March 23, 2010
Reassured by Clinton, L.A.’s AIPAC Attendees Remain Nervous About Iran
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On Tuesday — traditionally the conference’s concluding day, when AIPAC members visit Capitol Hill to lobby their legislators — Los Angeles attendees were scheduled to gather en masse in the House of Representatives foreign affairs committee hearing room to meet Reps. Brad Sherman (D-Sherman Oaks), Howard Berman (D-Van Nuys), Henry Waxman (D-Los Angeles), Jane Harman (D-Venice) and Adam Schiff (D-Pasadena). Earlier that morning, Senator Barbara Boxer was to address the group at the convention center.
In a session Monday that dealt with imposing sanctions on Iran, Sherman, a foreign affairs committee member, noted that all 10 of his addresses to AIPAC policy conferences have been on Iran.
Because time appears to be short for enacting sanctions to deter Teheran from completing development of nuclear weapons, the United States “now needs to put the pedal to the metal” rather than continue driving at five miles per hour, Sherman said. He urged AIPAC members to lobby for a sanctions bill “without any weakening” or “adulteration.”
In the conference’s kosher cafeteria, two Teheran natives also underscored the urgency of addressing the Iranian nuclear threat.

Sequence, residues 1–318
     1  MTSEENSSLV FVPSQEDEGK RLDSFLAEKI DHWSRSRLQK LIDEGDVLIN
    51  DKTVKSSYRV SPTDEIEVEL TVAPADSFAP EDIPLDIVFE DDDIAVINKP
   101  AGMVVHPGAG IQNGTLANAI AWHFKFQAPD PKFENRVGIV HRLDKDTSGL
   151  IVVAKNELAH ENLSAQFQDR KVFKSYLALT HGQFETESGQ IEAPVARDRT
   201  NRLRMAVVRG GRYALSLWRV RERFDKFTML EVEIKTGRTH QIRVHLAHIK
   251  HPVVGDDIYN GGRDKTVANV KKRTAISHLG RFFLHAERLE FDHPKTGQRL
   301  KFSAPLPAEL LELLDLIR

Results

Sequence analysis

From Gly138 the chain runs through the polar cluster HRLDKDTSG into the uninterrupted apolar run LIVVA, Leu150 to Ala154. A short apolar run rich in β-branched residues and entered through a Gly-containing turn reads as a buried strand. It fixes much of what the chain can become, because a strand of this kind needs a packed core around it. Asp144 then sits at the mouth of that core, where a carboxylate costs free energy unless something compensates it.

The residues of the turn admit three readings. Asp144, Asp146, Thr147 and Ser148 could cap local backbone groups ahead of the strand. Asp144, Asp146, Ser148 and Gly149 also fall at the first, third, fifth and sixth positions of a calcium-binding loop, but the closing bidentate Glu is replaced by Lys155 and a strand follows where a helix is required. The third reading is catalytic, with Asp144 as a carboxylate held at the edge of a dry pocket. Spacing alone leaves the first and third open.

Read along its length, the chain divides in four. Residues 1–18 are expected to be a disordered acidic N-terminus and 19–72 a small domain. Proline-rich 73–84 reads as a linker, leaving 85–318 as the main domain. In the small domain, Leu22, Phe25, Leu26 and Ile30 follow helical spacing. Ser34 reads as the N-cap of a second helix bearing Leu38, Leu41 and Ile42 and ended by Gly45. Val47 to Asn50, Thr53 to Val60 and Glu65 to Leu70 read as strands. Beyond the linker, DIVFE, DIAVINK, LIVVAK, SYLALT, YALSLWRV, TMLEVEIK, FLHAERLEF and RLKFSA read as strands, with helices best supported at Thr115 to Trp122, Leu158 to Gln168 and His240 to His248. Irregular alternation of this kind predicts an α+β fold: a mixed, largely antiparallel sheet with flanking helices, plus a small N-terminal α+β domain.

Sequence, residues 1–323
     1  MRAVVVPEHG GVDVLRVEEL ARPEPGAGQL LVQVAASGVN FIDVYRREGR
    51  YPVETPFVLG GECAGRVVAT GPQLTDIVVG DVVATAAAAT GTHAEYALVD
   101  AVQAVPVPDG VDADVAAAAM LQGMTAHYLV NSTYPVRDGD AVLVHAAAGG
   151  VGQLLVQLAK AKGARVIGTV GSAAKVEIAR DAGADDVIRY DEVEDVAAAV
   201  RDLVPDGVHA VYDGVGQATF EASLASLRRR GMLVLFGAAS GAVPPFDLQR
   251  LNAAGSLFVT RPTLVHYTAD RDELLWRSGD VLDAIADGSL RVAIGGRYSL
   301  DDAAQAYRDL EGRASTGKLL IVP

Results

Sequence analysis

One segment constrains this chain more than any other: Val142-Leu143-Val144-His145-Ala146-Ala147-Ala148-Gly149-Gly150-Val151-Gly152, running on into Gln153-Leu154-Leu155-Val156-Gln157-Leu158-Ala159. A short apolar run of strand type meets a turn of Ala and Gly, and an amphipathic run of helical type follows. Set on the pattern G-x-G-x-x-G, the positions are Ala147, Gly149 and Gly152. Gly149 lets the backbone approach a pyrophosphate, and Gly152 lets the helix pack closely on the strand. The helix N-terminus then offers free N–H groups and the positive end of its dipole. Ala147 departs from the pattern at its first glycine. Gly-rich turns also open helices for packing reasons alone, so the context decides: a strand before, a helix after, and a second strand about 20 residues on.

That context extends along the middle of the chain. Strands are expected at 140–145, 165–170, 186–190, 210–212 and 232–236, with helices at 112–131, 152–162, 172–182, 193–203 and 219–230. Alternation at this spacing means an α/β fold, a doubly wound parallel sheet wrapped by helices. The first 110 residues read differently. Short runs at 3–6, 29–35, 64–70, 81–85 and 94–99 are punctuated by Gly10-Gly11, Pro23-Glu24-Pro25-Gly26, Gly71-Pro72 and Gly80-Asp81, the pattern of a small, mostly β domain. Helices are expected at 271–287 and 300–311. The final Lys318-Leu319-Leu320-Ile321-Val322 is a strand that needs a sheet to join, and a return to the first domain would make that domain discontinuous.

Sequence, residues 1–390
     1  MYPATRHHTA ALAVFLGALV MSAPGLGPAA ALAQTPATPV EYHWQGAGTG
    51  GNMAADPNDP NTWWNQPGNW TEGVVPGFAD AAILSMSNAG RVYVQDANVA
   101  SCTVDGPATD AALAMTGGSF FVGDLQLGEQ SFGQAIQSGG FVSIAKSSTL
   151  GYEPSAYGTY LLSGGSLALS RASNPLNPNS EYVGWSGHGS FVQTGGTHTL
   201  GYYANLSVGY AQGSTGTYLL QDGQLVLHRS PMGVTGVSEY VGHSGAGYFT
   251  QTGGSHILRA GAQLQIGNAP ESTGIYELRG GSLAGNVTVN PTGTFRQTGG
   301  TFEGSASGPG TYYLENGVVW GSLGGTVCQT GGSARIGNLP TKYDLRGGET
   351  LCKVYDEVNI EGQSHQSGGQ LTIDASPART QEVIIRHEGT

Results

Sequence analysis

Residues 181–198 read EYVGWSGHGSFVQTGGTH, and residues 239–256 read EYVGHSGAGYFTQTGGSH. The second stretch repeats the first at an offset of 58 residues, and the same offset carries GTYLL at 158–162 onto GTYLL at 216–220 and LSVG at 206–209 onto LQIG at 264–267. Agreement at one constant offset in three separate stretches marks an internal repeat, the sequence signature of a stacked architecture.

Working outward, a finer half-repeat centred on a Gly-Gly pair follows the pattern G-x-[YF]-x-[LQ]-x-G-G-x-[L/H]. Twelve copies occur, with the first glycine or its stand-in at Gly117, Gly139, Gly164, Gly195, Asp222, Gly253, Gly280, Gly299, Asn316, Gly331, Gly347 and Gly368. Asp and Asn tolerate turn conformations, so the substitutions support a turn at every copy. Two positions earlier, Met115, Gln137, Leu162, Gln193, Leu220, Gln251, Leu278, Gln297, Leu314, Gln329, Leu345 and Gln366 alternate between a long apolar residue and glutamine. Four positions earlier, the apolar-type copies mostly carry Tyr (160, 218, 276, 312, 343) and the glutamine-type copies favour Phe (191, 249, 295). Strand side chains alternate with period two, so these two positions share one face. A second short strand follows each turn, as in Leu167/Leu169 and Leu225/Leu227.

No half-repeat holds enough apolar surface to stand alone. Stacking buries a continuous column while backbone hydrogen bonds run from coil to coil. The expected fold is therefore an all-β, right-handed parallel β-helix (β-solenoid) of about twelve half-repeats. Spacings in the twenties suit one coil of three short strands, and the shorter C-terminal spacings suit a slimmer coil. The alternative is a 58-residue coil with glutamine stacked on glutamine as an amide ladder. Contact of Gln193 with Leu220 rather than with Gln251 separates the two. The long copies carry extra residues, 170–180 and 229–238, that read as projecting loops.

“We are playing a game of time. If we can delay the bomb enough, the regime will fall,” said Saeed Hekmat-Niaz, an Encino real estate appraiser who was attending his fourth policy conference.
Hekmat-Niaz said that he was inspired moments earlier to have bumped into an Austrian activist from Stop the Bomb, a European organization seeking to prevent a nuclear Iran.
Frank Mesriani, a Woodland Hills delicatessen owner, was enjoying the “very positive energy” he felt at his first AIPAC conference.
“We came to support Israel and to give the message that time is running out for dealing with the Iran crisis,” said Mesriani, who came in Sinai Temple’s delegation. “It’s very unsafe for the whole world. Iran could sell the weapons to the Palestinians and to terrorist organizations, and it would affect the United States.”
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